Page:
were more motivating for men than women (Barnett et al., 1997; Ehrensaft et al., 1999;
Shorey et al., 2010), and one paper reported mixed findings for gender (8%; Makepeace,
1986). The remaining four papers (33%) did not report statistics to indicate whether or
not the values they reported were significantly different between men and women.
As presented in Table 5, 13 of the 17 papers (76%) compared men’s and women’s
perpetration of physical violence for the purpose of self-defense. Among these papers,
three did not report statistics indicating whether or not the data differed signifi-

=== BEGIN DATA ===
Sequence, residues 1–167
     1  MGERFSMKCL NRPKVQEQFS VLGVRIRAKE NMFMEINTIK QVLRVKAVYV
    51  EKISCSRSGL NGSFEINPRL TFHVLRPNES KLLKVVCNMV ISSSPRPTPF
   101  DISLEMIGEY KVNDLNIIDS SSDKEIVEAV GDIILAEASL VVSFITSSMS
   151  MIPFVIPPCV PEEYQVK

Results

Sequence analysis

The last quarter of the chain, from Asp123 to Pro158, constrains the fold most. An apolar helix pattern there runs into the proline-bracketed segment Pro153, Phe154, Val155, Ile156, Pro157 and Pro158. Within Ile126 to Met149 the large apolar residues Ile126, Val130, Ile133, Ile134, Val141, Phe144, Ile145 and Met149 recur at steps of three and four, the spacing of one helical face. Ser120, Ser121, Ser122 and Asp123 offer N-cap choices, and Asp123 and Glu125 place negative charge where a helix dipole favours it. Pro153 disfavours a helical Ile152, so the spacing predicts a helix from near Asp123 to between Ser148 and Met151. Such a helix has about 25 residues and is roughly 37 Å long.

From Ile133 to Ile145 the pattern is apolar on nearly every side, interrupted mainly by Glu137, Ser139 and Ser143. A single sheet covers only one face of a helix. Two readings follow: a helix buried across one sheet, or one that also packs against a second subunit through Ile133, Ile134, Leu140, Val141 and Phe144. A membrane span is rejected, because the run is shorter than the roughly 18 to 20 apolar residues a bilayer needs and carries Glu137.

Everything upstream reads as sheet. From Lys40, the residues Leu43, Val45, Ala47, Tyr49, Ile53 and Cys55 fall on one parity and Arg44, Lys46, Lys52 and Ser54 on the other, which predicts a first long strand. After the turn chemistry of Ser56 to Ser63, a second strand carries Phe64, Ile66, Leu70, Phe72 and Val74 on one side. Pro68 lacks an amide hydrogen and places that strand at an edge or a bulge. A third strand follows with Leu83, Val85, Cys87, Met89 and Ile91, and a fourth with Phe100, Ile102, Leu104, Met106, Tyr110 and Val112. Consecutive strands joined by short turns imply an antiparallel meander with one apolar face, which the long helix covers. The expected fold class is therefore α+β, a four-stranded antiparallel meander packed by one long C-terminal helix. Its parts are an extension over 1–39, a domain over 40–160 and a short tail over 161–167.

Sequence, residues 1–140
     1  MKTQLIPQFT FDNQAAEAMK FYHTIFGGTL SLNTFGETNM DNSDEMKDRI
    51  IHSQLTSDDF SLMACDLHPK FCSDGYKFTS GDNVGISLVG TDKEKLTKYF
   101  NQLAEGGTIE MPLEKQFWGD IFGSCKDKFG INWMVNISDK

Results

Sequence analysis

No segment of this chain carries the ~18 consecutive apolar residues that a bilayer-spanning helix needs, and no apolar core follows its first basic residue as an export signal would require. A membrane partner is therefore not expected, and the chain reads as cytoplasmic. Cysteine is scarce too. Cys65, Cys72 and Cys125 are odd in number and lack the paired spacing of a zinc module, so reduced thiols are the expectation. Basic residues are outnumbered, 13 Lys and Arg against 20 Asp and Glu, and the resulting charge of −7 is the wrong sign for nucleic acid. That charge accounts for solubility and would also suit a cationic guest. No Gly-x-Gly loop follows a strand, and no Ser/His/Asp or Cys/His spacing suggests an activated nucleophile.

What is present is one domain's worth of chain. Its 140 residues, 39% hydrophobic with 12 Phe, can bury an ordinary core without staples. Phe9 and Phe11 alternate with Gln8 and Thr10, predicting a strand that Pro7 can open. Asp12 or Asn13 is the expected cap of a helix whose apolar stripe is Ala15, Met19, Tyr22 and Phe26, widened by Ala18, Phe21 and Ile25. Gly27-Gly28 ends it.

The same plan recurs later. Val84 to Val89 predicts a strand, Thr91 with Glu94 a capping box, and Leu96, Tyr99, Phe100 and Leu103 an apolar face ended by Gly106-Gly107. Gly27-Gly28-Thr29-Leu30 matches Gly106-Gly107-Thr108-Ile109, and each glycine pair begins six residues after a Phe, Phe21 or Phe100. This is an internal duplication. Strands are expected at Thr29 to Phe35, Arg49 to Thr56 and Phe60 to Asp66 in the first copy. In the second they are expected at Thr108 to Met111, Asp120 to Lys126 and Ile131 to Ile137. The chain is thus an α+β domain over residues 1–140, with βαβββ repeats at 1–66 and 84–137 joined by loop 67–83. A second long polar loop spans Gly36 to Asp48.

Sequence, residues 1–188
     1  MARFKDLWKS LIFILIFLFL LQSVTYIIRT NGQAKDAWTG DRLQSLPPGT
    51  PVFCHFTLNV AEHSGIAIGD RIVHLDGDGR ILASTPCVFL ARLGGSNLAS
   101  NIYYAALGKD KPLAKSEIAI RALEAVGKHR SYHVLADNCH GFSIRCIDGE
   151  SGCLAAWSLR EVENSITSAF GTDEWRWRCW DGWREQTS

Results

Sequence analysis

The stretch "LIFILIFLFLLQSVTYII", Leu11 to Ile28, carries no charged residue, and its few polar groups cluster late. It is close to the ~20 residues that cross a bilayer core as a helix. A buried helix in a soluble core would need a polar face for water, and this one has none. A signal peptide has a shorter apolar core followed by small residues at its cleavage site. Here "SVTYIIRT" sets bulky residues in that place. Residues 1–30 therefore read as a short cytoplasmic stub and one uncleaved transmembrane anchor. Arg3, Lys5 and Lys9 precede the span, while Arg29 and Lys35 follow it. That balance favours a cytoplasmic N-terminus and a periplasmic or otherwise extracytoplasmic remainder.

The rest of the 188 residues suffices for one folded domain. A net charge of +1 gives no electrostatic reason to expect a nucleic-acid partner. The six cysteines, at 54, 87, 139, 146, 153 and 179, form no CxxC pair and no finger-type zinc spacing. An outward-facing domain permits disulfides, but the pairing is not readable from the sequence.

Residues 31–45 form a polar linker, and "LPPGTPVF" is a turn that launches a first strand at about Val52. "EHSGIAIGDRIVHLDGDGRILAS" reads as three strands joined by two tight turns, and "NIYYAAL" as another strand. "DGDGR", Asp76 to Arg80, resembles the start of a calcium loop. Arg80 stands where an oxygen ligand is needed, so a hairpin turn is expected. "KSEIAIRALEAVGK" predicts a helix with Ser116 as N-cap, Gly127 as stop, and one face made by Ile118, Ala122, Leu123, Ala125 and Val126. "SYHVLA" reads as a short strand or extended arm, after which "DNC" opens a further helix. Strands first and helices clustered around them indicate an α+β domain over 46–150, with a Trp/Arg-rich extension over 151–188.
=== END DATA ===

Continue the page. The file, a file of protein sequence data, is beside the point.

cantly between men and women. Five papers (38%) reported results indicating that
women were significantly more likely to report self-defense as a motive than men
(Barnett et al., 1997; Foshee, 1996; Kernsmith, 2005; Makepeace, 1986; Ross, 2011).
Four papers reported that no significant gender differences were obtained (Cascardi
& Vivian, 1995; Follingstad et al., 1991; Hamberger & Guse, 2002; Harned, 2001) and
the remaining paper reported that men endorsed self-defense as a motive for physical
violence perpetration significantly more often than did women (Shorey et al., 2010).
Data from 13 studies that considered anger and/or retaliation as motives for IPV
are presented in Table 6. Five of the presented studies (38%) did not report statistical
Copyright © Springer Publishing Company, LLC
448 Langhinrichsen-Rohling et al.
TABLE 4. Gender Differences in the Expression of Power/Control as a Motivation for Perpetrating Intimate Partner Violence